"Walking Funerals" the Rule
As undertakers they were the prototype of the modern "funeral director," and had to do with what is now seldom seen, the walking funeral. The burial places being mostly within the city limits, and but few public carriages available, the relatives and friends, marshaled by the undertaker, walked behind the hearse to the place of interment.

A story is told of a cabinet maker who practiced as an herb doctor, attending his patients, ministering to them on dying beds, taking the measure following death, making the coffin, conducting the funeral procession, reading the burial service and as, sexton of a burial ground, attended to the filling of the grave.

The funerals of that day were not as expensive as they are now, as is shown by bills of less than $20 each on file in the records of the Probate Court, and held against estates of prominent people.

Prior to 1830 John Stillings opened a cabinet making shop at the northeast corner of 7th and L streets southeast, and conducted business there thirty years or more. In the forties, however, with James S. Harvey, he established an undertaking business on 7th streets between G and H streets. Subsequently he drew out and devoted himself to business at his old stand. Mr. Harvey continued on 7th street until his death and was succeeded by his son, R.F. Harvey, who later moved to F street near 10th street, where now is the Speare establishment. A grandson of the elder Harvey is in business on the street near Rhode Island avenue. Samuel Kirby, late in the thirties, went into the undertaking business on the west side of 8th street between C and D streets, where he subsequently erected a large factory, and for many years was engaged in manufacturing, and conducted many funerals.

Contemporaneous with Mr. Kirby was the firm of Lee & Espy.. Henry Lee and James Espy, cabinet makers, on Maryland avenue between 3d and 4 ½ streets. Mr. Espy, in a few years withdrew, and Mr. Lee carried on the business for a number of years being succeeded by his sons, one of whom, J. William now has an establishment on the same site.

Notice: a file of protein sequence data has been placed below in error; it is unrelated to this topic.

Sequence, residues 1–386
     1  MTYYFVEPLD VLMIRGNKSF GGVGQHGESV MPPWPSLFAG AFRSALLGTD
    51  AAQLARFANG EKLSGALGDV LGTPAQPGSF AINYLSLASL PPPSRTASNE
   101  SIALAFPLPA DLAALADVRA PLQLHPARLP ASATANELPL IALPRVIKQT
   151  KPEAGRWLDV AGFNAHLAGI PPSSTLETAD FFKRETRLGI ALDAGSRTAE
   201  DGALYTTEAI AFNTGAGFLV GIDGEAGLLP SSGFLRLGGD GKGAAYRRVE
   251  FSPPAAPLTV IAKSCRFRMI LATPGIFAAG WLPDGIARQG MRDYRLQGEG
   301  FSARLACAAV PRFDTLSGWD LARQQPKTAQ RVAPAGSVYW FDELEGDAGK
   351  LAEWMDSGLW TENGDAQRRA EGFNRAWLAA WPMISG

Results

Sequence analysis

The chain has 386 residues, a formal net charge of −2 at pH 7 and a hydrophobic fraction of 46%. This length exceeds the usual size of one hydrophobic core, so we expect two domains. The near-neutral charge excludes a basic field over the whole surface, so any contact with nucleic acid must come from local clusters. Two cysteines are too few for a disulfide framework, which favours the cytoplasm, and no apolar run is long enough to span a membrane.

In Business in the Forties
In the forties, among other cabinet makers, some of whom carried on undertaking were Peter Callan, on the east side of 7th street between G and H streets, G.W. Wheeler, south side of Pennsylvania avenue between 17th and 18th streets; Varden and Shields, south of the Avenue between 14th and 15th streets; Henry Kaiser, south side of the Avenue between 9th and 10th streets; John Angel, west side of 7th street between E and F streets southwest; William Joy, corner of 4 ½ street and Maryland avenue southwest; J.D. Bradburn, south side of H street between 12th and 13th streets.

Edwin Green had moved up from Alexandria, and had an extensive establishment at the southwest corner of 11th street and Pennsylvania avenue, the old site of The Evening Star office. Leonard O’Cook was engaged in chair making at the southeast corner of 7th and D streets southwest, A. & W. Thompson, cabinet makers, were on the south side of F street between 13th and 14th streets. James E.W. Thompson was engaged in the undertaking business next door.

Manufacture of Blinds
For a long time -- in fact, down to the civil war -- Venetian blinds were in vogue, the principal manufacturers being William Noell, on the south side of the Avenue between 9th and 10th streets. About 1845 he formed a partnership with Joseph K. Boyd, an upholsterer, on the north side of D street between 10th and 11th streets, and the firm of Noell & Boyd engaged for many years in the cabinet, upholstery and the Venetian blind business. At this time such blinds were much used in the government departments as well as in private residences.

In the forties Douglas Moore came over from Baltimore and engaged in the upholstery business on the north side of Pennsylvania avenue between 9th and 10th streets, and for thirty years or more was engaged in that business and in paper hanging. David A. Baird was an upholsterer located on the east side of 6th street between H and I streets, and Andrew Reese was on the south side of the Avenue between 9th and 10th street.